Those Saxons who escaped headed north, raiding towns along their way. Uther wanted to lead the army of the Britons after them, but his commanders persuaded him not to on account of the severity of his illness and his worsening condition. Seeing this motivated the Saxons to do greater harm, and they now attempted to conquer the entire kingdom of the Britons. They had always been skilled in the arts of treachery and deception and now they sought to bring about the death of Uther Pendragon by poison. They sent spies in disguise into the camp of the Britons and spied on the habits of the king. On discovering he was apt to drink from the waters of a clear spring, they poisoned it, causing him sudden death. With the death of Uther, the clergy and nobles carried his body to Mount Ambrius, where he was buried in the Giant’s Dance alongside his brother Aurelius Ambrosius and the victims who fell in the Treachery of the Long Knives.

King Arthur Pendragon

According to early chroniclers, the Saxons took great encouragement from the death of Uther Pendragon. With their numbers swelling daily with reinforcements from Germany they sought to take over the entire country and exterminate the Britons from the island of Britain. With the realm of the Britons in dire peril, the clergy and the nobles made Arthur, the son of Uther Pendragon and only fifteen years old, the King of the Britons. Despite his youth and inexperience, he was to go on to free the Britons of the Saxons and build an empire across Europe, fulfilling his part in the prophecy of Merlin. Yet throughout his life, Arthur would be haunted by lust, treachery, deception and magic, the very elements that had brought him into the world. He would become the most famous of legendary British rulers and heroes, the “once and future king”, who would return one day to save his country from future peril.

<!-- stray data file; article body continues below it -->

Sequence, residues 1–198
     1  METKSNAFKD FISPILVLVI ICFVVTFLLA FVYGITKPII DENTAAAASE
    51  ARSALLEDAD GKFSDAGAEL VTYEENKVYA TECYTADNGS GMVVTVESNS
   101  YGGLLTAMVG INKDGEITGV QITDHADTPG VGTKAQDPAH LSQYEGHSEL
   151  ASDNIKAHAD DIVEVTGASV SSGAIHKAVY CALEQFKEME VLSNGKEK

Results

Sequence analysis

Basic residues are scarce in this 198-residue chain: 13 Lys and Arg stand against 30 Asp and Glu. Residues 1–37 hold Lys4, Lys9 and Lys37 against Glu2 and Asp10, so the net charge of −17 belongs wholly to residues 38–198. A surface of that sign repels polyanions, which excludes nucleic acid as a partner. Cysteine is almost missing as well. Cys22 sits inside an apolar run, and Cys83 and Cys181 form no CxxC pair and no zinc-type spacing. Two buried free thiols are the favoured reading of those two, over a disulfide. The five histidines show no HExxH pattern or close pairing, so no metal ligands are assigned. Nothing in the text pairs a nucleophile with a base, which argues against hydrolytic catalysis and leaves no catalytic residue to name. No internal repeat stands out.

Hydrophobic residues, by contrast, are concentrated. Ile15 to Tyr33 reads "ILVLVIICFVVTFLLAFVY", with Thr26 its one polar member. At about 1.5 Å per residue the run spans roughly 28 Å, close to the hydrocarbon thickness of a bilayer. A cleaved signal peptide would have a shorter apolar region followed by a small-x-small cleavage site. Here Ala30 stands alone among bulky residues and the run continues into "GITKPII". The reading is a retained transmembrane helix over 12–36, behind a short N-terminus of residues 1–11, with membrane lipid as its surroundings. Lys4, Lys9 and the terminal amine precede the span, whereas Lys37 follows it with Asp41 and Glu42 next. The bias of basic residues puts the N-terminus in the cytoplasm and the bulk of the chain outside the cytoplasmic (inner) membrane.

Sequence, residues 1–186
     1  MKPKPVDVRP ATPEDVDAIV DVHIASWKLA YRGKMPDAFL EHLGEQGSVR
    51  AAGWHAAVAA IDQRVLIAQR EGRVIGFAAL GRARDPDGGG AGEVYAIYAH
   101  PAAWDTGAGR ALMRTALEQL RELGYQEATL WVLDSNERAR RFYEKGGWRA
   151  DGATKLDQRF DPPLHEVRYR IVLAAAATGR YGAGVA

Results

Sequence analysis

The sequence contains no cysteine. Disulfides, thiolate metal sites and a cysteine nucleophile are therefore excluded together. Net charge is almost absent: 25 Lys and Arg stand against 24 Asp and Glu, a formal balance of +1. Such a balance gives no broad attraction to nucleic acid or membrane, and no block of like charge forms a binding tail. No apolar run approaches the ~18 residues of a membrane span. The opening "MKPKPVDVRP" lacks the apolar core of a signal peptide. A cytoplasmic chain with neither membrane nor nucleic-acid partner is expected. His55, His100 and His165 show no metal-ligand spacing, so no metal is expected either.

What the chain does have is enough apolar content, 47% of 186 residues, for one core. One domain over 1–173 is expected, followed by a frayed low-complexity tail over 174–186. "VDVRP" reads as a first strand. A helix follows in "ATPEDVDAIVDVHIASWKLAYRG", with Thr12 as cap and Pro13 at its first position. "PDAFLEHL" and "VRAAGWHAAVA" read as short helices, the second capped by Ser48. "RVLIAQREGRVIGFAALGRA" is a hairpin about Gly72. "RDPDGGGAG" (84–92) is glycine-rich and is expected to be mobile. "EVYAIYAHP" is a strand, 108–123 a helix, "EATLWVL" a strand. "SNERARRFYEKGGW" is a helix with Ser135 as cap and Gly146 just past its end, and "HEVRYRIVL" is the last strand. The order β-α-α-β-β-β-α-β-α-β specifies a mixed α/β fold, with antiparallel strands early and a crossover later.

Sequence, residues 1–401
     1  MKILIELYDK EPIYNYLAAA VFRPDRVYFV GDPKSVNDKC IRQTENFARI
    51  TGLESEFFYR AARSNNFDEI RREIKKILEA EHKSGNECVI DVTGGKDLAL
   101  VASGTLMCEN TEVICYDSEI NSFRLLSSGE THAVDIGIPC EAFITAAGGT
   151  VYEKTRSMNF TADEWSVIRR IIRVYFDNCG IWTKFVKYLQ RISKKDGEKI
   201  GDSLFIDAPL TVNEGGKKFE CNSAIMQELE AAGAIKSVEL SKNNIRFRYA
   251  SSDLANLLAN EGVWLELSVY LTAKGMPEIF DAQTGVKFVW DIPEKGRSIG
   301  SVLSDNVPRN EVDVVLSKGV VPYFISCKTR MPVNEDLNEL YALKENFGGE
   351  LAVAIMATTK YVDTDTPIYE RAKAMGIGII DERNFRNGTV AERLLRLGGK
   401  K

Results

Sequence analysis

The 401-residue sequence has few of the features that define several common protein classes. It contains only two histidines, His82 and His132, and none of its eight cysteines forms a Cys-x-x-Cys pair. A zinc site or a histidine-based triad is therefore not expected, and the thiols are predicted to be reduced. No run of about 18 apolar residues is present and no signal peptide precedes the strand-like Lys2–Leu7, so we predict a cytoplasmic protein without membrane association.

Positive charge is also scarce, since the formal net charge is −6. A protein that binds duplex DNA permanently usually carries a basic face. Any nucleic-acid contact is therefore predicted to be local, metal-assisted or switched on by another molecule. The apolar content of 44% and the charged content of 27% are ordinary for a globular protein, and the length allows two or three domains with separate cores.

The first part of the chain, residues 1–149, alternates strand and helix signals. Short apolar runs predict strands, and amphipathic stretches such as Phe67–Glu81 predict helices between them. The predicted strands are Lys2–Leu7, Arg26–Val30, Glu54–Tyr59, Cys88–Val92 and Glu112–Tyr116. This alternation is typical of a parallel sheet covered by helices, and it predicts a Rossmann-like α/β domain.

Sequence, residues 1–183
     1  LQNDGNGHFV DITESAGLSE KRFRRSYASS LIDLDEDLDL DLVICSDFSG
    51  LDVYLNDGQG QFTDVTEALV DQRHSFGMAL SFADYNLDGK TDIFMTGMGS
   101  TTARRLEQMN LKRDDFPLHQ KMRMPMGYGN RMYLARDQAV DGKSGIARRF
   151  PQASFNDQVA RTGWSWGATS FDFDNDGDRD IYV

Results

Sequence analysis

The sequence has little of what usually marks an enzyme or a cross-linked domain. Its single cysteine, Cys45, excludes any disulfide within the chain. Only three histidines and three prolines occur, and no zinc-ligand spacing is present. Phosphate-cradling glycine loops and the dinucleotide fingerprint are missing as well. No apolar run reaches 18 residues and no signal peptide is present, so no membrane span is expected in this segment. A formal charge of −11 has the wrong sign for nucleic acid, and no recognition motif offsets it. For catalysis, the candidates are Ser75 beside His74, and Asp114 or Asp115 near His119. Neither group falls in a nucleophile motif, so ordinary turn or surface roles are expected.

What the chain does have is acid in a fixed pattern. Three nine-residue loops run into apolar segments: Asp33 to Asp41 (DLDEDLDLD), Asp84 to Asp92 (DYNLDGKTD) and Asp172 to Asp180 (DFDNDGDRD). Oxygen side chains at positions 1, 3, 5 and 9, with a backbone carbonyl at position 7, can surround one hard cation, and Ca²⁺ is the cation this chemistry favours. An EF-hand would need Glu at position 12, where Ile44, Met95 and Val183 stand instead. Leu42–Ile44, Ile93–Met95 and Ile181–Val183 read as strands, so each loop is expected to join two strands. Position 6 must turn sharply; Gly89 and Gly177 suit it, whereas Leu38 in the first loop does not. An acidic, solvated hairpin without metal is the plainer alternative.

To read all the articles in this series, visit the British Legends Series page or select from the list below:

References and Further Reading

[PDF]History of the Kings of Britain – York University (1), Page 138; (2) Page 144;
[PDF] Nennius – History Of The Britons (Historia Brittonum … – York University
Under the influence! – Vortigern’s Rule: The Treachery of the Long Knives
Under the influence! – The Prophecy of Merlin: The Two Dragons
Under the influence! – Merlin and the Giant’s Dance: The Victory of Art over Strength
On the Ruin of Britain by Gildas
Arthurian Chronicles: Roman de Brut by Wace

Zteve enjoys researching deep into the folklore, myths and legends that run through society and are part of our everyday lives. He always finds it a source of fascination discovering and learning how our ancestors perceived the times they lived in and how they have influenced us today. Zteve believes that people have far more in common with each other than is often shown on the surface and this can often be seen in the folktales from other parts of the world. Zteve has two websites dedicated to myths, legends and folklore from around the world. These are Under the influence! and Folkrealm Studies. He has also contributed to Enchanted Conversation Magazine and his latest Kindle ebook, The Feather of the Firebird is now available. My Amazon Author Page can found here for the UK and for the USA, here.